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Somewhat, mostly no: Some studies suggest that genetics may play a part in jealousy, but those same studies show that it's what happens to us, the way we're raised, the influential people in our lives, and environmental events that are most important in cultivating a jealous disposition. There are ways to reduce jealousy on one's own, and if it can't be done without assistance, therapy can help. ...Read moreSee 1 more doctor answer
Yes: There are several polycystic kidney diseases (pkd), and they are generally divided into autosomal dominant and recessive types. These are the patterns of inheritance. In general all are hereditary although spontaneous gene changes are common. The children of parents with gene changes are susceptible to inheriting these diseases. ...Read moreSee 1 more doctor answer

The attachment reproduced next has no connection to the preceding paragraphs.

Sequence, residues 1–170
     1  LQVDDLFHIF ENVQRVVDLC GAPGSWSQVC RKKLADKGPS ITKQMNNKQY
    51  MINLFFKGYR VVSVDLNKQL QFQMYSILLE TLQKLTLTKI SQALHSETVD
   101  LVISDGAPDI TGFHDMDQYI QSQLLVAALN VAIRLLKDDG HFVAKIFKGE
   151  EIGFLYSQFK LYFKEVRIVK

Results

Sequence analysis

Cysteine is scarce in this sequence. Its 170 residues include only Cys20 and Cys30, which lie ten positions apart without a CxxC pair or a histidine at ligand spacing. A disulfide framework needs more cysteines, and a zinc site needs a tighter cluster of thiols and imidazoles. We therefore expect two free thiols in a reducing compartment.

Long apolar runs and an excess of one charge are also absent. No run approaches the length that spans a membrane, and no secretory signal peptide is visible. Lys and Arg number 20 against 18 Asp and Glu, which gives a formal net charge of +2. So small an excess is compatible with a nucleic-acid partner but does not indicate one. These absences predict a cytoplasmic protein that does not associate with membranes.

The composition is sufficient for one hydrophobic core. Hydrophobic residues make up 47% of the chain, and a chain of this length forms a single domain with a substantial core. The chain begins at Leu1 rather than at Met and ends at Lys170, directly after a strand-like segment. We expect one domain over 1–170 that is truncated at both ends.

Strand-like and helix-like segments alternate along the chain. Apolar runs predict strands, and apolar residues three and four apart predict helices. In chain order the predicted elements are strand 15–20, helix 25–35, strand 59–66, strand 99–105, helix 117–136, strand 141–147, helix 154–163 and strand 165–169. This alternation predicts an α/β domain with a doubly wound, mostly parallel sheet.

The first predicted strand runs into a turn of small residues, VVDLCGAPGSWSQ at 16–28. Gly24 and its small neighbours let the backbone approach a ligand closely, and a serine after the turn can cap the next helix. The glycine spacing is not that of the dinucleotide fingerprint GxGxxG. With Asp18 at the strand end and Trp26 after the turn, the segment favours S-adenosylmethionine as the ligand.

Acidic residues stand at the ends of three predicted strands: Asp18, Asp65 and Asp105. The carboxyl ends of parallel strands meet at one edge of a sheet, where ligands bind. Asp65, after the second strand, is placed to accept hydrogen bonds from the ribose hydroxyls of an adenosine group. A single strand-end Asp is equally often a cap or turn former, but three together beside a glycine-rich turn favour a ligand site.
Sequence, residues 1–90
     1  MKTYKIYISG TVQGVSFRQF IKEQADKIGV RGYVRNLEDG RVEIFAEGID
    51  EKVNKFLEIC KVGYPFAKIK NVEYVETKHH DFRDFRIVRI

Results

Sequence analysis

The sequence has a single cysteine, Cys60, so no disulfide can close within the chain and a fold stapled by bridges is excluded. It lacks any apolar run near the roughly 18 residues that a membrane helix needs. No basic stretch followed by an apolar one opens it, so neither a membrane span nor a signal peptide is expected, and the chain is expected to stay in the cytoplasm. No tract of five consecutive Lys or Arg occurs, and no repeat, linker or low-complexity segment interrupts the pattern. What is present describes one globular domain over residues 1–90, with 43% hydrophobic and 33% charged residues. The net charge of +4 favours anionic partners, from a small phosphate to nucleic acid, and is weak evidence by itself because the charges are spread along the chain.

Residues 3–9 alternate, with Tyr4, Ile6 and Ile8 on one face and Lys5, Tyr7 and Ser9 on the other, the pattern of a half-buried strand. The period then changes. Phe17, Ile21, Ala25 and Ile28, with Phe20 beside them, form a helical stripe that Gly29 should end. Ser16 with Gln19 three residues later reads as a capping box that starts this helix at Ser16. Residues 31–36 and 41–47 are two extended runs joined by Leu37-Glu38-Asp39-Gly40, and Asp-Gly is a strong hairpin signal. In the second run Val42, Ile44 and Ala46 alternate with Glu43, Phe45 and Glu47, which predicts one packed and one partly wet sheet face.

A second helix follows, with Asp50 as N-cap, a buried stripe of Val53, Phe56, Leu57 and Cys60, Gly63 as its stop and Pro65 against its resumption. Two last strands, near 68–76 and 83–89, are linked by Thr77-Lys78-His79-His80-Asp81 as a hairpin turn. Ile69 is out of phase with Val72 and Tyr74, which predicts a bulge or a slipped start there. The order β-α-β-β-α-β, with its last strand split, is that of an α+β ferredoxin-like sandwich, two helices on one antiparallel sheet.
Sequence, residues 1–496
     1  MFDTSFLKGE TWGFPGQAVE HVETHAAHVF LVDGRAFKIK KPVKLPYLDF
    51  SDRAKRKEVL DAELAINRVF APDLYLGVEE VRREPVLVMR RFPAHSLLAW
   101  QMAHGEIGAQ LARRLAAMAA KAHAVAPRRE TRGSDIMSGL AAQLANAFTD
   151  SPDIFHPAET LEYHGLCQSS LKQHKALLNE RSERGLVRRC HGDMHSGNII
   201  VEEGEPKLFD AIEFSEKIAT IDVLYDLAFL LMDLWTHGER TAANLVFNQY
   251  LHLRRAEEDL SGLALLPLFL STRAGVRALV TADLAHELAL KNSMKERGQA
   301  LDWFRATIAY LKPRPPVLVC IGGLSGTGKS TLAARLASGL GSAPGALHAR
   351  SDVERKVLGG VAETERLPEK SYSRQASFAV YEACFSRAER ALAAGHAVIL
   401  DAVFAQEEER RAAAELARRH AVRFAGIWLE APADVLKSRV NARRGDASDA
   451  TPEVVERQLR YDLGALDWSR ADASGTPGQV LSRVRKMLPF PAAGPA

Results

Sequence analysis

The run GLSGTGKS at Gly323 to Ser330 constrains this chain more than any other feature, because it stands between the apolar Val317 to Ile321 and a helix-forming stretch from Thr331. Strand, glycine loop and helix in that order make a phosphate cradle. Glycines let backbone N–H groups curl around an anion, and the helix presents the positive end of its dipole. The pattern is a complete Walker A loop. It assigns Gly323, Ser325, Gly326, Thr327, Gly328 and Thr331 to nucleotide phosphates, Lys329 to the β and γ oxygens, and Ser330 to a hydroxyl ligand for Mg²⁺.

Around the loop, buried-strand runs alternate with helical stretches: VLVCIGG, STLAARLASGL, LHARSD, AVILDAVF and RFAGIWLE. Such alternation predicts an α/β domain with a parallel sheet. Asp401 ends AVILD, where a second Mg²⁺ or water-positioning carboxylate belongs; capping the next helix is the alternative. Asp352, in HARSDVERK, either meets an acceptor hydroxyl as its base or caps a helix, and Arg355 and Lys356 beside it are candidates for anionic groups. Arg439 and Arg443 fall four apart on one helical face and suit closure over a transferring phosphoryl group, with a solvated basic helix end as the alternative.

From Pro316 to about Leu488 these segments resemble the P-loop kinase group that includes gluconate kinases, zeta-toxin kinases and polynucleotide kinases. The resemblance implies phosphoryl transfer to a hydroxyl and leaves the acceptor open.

Partially: Eczema has a definite hereditary component. Children of parents with a history of allergic diseases such as eczema, hay fever, and asthma are at higher risk of developing asthma. However, eczema can occur in families where there is no history of allergies or eczema. ...Read moreSee 1 more doctor answer
Some are: There are many different types of glaucoma, some caused secondarily through trauma or other diseases. But there are some type of glaucoma where genetics are involved but not 100%. In other words just because your parents have it doesn't mean you have to get it. However, risk is certainly higher.... ...Read moreSee 2 more doctor answers
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